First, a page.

Eosinophils are strongly reactive to the dye eosin in smears, hence the name. They stain a bright orange-pink color. Typically the nucleus is bi-lobed, not multi-lobed. Their function isn't completely understood, but it's known that eosinophils are involved in allergic responses. The eosinophil's granules contain lytic enzymes. Eosinophils have been proposed to engage in phagocytosis, but not of particulate antigens: rather to engulf and destroy the precipitated antigen-antibody complexes produced in humorally based immune reactions.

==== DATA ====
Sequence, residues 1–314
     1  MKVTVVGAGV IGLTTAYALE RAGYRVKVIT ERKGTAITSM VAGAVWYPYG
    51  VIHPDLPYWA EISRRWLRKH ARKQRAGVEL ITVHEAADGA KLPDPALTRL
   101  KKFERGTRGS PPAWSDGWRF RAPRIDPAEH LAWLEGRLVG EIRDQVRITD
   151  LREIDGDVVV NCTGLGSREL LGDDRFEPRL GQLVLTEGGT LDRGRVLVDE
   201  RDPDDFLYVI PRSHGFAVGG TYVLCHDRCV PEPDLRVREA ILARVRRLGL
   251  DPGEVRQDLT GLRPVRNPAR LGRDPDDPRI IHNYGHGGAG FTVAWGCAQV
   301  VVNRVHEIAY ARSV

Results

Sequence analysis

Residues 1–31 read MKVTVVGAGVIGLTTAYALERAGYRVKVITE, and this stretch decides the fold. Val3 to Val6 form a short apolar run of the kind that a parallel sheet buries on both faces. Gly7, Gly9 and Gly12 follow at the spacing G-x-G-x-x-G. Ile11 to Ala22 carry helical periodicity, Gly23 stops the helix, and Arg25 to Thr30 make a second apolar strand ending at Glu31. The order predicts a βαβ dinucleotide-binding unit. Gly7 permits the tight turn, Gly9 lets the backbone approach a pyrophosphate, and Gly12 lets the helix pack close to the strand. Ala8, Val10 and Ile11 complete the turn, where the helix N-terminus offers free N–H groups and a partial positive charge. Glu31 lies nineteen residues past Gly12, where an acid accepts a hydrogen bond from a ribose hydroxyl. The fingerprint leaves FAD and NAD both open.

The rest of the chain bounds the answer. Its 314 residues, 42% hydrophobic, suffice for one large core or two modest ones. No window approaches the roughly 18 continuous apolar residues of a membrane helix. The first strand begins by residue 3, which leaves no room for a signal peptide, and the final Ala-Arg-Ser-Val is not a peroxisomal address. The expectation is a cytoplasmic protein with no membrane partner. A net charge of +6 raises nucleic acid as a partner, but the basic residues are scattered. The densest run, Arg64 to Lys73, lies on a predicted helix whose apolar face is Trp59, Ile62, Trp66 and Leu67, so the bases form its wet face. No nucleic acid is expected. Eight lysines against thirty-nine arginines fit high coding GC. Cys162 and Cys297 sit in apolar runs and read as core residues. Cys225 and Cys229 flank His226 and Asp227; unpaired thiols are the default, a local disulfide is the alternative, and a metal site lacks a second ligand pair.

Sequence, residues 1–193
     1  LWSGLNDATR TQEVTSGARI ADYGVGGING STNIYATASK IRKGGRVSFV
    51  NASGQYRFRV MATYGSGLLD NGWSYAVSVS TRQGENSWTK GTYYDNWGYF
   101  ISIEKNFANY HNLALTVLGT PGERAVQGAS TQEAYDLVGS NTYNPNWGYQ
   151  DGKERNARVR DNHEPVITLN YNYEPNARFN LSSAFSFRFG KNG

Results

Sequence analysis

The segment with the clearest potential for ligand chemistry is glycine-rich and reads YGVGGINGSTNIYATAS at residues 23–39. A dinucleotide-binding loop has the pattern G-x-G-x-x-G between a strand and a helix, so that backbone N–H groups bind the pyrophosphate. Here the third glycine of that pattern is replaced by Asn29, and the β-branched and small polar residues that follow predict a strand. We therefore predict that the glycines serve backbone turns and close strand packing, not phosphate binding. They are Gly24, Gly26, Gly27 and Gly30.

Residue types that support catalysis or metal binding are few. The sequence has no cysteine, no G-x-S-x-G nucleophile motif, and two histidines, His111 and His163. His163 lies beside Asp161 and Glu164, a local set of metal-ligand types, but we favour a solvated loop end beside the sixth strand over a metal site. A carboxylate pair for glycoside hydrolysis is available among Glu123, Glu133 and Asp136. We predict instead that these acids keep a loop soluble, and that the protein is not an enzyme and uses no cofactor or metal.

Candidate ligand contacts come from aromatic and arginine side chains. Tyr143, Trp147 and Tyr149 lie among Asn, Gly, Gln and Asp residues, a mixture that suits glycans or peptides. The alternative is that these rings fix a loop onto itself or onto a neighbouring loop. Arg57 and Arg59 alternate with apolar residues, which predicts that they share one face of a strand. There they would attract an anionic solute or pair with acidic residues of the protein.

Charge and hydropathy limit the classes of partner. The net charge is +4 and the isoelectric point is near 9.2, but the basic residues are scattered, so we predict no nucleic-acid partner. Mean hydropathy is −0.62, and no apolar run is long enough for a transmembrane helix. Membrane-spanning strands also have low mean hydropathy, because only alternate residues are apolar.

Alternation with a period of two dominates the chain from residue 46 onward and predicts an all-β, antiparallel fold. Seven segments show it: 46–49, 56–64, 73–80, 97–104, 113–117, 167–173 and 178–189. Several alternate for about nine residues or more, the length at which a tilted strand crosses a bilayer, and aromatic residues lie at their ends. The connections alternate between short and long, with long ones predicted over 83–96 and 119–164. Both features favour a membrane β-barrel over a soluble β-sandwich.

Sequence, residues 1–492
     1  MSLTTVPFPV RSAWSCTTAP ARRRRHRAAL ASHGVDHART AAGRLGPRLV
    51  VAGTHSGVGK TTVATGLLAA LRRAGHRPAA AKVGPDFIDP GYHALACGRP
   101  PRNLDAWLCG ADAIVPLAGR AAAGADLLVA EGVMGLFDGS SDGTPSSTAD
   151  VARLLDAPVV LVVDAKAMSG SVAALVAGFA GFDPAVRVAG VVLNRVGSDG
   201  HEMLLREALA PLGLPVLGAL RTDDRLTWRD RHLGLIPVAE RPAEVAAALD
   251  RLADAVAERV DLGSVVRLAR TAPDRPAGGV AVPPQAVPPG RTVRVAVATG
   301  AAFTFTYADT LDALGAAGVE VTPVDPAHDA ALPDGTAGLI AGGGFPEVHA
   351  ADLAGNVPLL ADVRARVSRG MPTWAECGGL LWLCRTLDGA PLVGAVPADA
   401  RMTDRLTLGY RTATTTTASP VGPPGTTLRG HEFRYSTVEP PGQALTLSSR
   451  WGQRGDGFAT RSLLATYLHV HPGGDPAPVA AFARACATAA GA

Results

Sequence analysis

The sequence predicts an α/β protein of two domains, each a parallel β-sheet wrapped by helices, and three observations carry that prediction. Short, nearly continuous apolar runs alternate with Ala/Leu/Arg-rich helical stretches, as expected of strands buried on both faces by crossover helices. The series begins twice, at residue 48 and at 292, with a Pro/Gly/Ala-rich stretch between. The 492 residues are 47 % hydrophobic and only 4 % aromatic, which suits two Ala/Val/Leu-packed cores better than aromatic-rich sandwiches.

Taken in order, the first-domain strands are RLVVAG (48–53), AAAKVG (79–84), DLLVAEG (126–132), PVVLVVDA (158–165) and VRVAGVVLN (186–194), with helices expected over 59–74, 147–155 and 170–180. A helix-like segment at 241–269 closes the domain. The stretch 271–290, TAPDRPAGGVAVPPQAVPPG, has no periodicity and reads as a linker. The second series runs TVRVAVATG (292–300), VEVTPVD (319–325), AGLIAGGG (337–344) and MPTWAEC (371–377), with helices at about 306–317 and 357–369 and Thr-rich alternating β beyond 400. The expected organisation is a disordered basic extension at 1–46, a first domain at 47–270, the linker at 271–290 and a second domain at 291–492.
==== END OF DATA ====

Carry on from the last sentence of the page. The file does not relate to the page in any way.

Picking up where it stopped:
It's known that the eosinophil counters the action of many mast cell mediators by secreting degradative enzymes, including histaminase and aryl sulphatase, which destroy histamine and leukotrienes respectively. An elevated eosinophil count is typical in allergic reactions. Eosinophils chemotactically aggregate in large numbers to sites where antigen-antibody complexes are found and where the host is attempting to deal with foreign bodies. They're found easily in the connective tissue below a wheal, the raised "bump" that results at the site of an insect bite. The strong immune response such a bite elicits brings them in, and a section taken through a wheal will have thousands of eosinophils evident.